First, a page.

“I guess what ‘paint’ is to the painter; ‘patterns’ are to me as a collagist.”
Born in Mumbai, India, Hormazd Narielwalla is fast becoming a must-have artist amongst serious art collectors. He’s written two books, has shown in Saatchi Gallery, and has worked with legendary British fashion designer, Paul Smith. His practice revolves around collage, and the use of discarded tailoring patterns; blending art, fashion, and sculpture seamlessly to create unique works of art.
My practice began in the workrooms of eminent Savile Row tailoring house Dege & Skinner, where I learnt from Managing Director – William Skinner; that they would discard bespoke patterns of customers who, are now, sadly, deceased. The patterns have no value to the firm without the physical body present. I wanted to rescue the patterns and create objects and pictures out of them.
…explains the sharply-dressed artist of his exciting collage works, with the faded tailor marks peeping from behind bold cuts of colour.
Currently showing at the DegreeArt.com gallery space (in group show Between The Lines alongside artists Peter Matyasi, Matthew Spencer, Ana Catarina Pereira and Molly Goldwater) Narielwalla says of his work in the show
I was quite interested in the curatorial output of the show that explores mark making. In my practice process is key to the realisation of the work. I begin with a material that already exists – tailoring patterns. They are either hand drawn by Savile Row cutters from Dege & Skinner or I use antique French domestic patterns, which are printed on fragile paper.
Narielwalla speaks about his works submitted to the Between The Lines show, explaining, “I have three bodies of work presented in ‘Between the Lines’. The first is a sculpture titled ‘Love Garden’ part of a series of five, which were first exhibited at the Saatchi Gallery.”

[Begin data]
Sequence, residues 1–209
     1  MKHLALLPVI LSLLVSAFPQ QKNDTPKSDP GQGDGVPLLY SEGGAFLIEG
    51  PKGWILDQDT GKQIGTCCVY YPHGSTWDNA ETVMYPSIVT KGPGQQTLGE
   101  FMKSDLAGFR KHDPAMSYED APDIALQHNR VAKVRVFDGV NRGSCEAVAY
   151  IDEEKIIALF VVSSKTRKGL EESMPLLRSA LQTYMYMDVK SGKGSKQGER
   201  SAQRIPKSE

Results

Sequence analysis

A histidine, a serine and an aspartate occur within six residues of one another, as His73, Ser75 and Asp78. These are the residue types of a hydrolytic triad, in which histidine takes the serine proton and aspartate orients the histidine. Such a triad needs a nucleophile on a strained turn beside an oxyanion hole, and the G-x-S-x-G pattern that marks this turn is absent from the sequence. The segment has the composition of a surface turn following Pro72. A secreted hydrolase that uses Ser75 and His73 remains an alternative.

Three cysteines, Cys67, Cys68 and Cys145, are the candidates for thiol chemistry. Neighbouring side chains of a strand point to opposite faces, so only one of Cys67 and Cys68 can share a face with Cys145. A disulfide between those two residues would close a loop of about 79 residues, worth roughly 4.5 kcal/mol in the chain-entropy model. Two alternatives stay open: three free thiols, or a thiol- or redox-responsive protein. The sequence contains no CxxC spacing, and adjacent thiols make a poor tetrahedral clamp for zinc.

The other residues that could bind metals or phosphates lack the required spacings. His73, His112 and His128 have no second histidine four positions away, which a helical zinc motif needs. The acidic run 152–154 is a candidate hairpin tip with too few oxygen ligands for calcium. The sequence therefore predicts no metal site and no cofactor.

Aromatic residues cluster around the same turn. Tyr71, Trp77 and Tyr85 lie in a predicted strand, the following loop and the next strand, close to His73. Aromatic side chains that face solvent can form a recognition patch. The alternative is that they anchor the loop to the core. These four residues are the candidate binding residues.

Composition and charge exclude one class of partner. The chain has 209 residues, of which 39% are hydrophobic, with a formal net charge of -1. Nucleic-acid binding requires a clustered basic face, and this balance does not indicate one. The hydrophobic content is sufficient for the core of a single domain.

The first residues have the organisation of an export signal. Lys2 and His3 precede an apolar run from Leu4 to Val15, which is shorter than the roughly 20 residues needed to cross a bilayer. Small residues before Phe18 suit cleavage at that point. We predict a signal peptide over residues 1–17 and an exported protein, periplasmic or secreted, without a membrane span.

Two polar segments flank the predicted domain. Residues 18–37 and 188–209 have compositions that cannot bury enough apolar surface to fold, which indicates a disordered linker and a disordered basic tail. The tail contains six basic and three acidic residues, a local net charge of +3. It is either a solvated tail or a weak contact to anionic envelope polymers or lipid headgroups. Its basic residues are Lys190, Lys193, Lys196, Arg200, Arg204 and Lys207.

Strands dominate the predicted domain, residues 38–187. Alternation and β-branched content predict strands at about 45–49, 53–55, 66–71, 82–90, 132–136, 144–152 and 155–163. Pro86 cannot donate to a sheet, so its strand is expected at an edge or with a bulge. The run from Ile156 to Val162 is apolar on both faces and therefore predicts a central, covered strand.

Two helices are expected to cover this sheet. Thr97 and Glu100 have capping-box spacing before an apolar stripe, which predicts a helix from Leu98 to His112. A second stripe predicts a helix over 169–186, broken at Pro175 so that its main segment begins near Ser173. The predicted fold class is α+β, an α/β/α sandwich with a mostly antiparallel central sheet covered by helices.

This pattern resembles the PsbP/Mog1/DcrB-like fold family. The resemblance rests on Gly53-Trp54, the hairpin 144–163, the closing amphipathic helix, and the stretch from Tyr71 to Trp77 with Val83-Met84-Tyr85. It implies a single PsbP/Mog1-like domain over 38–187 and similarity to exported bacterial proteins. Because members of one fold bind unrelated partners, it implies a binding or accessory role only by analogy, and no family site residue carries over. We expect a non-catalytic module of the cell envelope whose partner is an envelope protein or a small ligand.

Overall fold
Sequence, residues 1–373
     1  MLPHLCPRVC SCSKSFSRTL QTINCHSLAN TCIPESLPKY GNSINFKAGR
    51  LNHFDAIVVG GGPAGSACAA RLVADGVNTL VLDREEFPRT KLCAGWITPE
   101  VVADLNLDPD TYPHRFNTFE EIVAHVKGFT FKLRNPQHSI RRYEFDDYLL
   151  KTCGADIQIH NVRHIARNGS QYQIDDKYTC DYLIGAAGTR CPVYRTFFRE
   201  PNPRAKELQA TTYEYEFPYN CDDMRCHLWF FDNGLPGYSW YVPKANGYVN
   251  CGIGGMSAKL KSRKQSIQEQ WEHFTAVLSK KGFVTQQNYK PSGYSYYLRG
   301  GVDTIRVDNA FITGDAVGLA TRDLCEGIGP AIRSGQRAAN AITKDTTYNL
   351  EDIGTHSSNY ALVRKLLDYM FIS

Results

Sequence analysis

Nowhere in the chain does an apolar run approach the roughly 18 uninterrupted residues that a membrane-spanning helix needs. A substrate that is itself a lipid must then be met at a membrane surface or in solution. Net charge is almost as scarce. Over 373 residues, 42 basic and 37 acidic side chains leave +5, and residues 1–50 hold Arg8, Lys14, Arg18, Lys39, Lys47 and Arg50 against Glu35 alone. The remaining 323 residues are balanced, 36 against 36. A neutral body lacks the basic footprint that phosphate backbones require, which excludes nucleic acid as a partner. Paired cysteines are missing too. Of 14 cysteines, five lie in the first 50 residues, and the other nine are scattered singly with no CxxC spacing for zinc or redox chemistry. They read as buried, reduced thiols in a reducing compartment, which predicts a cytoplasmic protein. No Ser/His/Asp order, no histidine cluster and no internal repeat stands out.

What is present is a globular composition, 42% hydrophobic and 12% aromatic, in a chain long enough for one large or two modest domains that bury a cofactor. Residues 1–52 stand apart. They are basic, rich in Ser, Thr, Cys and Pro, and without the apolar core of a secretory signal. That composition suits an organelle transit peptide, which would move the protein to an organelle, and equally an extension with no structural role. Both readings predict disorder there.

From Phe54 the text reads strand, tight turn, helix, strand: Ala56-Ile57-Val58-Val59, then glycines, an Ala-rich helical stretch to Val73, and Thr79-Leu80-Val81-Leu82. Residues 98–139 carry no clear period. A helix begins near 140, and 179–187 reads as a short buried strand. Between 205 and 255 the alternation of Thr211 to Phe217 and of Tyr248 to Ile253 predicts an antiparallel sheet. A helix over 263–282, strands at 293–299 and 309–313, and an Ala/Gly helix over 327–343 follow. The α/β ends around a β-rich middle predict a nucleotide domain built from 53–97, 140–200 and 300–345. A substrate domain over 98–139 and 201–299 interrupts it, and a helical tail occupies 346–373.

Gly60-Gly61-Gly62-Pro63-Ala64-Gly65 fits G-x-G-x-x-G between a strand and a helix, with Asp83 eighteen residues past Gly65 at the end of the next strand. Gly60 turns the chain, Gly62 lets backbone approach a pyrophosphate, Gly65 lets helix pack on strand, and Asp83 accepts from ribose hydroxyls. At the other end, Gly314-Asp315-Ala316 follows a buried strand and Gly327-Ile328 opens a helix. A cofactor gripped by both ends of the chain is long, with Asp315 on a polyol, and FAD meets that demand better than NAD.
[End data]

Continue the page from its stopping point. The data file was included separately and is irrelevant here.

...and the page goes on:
I was selected by the Crafts Council, England to exhibit in the Project Space at Collect – the international art fair for the contemporary object. For this project I worked with historical military patterns of British Army uniforms sourced from tailoring books dating back to 1800. They were used to derive an academic dress narrative of body coat uniforms of the British Raj archived at the National Army Museum. An affirmative association from my adolescence was the authoritative figure of Ashton Pelham-Martyn, an English officer from the British Raj falling in love with Anjuli-Bai, an Indian princess in the forbidden love tale The Far Pavilions.
Using the less common medium of collage, as opposed to painting and straight-forward sculpture, Narielwalla speaks about the allure of collage “It has been a natural intuitive response of picking paper and adding to an already existing paper-based material – i.e. the patterns. Having said that, I have screen printed on them and created them into sculpture too. Sometimes I create work digitally – very rarely – and print onto the patterns.”
The idea of Narielwalla working with the tailoring patterns of the deceased raises the subject of rebirth and keeping that person alive through the medium of art. Narielwalla also puts emphasis on keeping skills of the past, such as tailoring, incorporated in modern society
I’m looking at theories of Cubism and Abstraction particularly in respect to art history linking them into a contemporary context. Also the whole ‘Love Gardens’ project was triggered by the colonial history of the British Raj. Patterns are an incredible material to discuss history. You can tell so much about us humans by analysing them – like cultural connotations, choice of dress, shapes of bodies, influences from the east etc. So definitely my work reminisces the past.